Distribution and recruitment of Anilocra chromis Williams & Williams, 1981 (Isopoda, Cymothoidae) on brown chromis, Chromis multilineata (Guichenot, 1853) (Perciformis, Pomacentridae), following experimental removals

In: Crustaceana
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  • 1 Current address: 920 St. Andrews Blvd., Naples, FL 834113, U.S.A.
  • | 2 Current address: 14335 County Road 9, Foley, AL 36535, U.S.A.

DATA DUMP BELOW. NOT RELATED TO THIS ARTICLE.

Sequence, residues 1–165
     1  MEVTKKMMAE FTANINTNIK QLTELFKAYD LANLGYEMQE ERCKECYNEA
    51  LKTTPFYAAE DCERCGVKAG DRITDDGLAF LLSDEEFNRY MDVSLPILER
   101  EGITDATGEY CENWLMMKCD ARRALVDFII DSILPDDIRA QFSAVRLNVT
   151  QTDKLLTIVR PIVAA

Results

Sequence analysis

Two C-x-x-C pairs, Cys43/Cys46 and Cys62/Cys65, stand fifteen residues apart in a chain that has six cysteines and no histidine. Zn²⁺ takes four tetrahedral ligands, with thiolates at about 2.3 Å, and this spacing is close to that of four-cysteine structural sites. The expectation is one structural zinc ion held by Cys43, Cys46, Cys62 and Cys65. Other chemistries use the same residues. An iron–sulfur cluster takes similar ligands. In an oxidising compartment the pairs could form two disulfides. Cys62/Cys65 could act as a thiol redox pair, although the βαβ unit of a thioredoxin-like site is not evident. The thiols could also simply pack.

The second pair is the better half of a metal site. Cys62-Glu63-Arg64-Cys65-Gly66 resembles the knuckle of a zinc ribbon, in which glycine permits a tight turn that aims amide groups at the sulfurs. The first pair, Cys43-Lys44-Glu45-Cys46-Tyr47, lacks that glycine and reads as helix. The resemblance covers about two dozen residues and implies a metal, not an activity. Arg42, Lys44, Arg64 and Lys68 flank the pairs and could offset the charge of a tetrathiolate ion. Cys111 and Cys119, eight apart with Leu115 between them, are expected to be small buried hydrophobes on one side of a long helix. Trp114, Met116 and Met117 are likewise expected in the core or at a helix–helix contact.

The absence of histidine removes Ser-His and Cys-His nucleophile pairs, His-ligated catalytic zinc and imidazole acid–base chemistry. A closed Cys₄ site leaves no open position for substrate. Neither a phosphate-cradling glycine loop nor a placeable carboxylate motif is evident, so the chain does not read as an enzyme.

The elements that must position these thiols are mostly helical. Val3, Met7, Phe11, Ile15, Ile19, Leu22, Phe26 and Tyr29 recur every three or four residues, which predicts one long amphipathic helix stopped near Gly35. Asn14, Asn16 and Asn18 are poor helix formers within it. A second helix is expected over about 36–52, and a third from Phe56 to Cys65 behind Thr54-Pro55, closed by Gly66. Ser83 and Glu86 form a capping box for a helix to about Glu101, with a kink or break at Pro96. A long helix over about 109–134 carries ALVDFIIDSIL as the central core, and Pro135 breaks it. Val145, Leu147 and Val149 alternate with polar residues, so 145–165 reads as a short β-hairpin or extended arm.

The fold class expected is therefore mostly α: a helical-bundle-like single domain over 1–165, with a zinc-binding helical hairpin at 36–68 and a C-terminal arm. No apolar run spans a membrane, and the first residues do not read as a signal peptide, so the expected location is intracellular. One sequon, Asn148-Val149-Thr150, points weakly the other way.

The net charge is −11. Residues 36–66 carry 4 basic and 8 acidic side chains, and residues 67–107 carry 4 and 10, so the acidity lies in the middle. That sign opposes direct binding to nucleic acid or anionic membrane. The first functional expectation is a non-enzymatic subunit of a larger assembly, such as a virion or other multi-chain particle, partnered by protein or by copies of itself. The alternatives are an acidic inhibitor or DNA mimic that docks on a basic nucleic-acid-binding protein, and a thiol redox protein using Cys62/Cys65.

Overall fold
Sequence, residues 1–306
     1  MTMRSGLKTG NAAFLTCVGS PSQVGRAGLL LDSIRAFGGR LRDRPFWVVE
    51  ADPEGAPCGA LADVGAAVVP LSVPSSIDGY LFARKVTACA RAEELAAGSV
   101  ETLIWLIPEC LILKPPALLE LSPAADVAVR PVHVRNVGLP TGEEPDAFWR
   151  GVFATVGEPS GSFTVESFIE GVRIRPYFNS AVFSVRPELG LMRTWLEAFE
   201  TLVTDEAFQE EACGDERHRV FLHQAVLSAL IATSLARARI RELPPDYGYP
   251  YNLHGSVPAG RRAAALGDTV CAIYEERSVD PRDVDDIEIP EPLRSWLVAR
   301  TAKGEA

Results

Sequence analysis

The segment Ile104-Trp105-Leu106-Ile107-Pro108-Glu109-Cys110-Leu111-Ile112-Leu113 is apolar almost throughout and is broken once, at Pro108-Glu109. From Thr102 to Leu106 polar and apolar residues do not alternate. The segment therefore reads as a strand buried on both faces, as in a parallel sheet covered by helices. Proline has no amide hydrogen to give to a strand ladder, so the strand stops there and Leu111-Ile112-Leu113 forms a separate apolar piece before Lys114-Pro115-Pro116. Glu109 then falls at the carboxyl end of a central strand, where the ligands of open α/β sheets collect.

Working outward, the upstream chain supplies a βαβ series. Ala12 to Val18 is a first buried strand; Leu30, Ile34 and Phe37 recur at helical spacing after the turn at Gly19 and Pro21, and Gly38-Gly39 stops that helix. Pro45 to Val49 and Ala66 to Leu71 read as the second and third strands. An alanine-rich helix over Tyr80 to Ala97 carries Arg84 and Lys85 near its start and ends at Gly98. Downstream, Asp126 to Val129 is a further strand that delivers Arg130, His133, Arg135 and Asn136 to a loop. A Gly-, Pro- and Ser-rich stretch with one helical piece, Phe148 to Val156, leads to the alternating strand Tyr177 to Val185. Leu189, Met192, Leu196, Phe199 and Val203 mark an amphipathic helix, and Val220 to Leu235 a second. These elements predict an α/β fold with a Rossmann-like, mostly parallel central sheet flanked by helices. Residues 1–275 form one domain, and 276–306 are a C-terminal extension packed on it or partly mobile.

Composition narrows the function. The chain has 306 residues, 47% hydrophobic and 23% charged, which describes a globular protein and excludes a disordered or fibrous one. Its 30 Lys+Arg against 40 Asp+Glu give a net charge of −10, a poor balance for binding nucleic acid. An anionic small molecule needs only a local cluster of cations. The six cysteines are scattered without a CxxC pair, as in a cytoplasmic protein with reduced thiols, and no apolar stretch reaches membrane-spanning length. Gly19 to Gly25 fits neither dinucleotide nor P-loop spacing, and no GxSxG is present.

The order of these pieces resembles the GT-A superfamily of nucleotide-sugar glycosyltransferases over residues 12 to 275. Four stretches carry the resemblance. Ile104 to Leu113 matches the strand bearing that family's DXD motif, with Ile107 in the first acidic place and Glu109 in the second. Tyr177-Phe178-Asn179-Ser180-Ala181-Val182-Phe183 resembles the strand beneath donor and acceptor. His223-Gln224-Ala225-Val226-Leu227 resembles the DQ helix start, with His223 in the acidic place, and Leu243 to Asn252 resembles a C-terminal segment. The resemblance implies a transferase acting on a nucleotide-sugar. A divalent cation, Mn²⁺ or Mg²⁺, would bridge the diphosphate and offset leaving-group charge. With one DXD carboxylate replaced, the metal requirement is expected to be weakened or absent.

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Anilocra chromis Williams & Williams, 1981 (Isopoda, Cymothoidae) from the brown chromis, Chromis multilineata (Guichenot, 1853) (Perciformis, Pomacentridae) in the northeastern Caribbean were previously named and described. A. chromis occurred allopatrically on blue chromis, Chromis cyanea Poey, 1860, in other localities in the Caribbean. Brown chromis hosts were found to be predisposed to the presence of A. chromis, and that adult and juvenile brown chromis could be infected with juvenile A. chromis. The isopod in this study always occurred as an adult under one eye of an adult brown chromis host. Mancae juveniles were thought to have limited dispersal abilities, but this has not been experimentally tested. After natural release, each juvenile swims up to near the surface apparently to avoid planktivores near the reef, and at night, returns to the reef to infect small fishes as transfer hosts or mixes under female A. chromis to breed. Despite these previous studies, how far the juveniles can disperse is not known. Understanding the dispersal of Anilocra spp. and other isopod mancae juveniles is a critical, and largely unknown, part of their life history. A series of field experiments were conducted over 3 years to solve this question out of the NOAA Hydrolab Habitat in the St. Croix Salt River Canyon. We censused and removed, respectively, 96 and 98% of C. multilineata infected with A. chromis in 2 years. After 18 and 12 months, respectively, we re-censused the infected fish. Hosts numbers recovered completely in both experiments. A. chromis numbers recovered completely in 18 months, but only recovered 39% of their number in 12 months. A. chromis sectors established on the ends of the study area on a linear and uniform reef recovered to levels of control sections (approx. 18-19% hosts). However, A. chromis prevalence on the inner segments was only 35% of the control segments. Therefore, juveniles only traveled a short distance before infecting a host. Although description of the “complete” life cycles of several parasitic isopods have been published, the natural release, behavior before attaching to the final host, and now natural dispersal have only been documented in A. chromis. This is important for understanding distributions, isolations, and speciation of fish-parasitic isopods or even methods of control.

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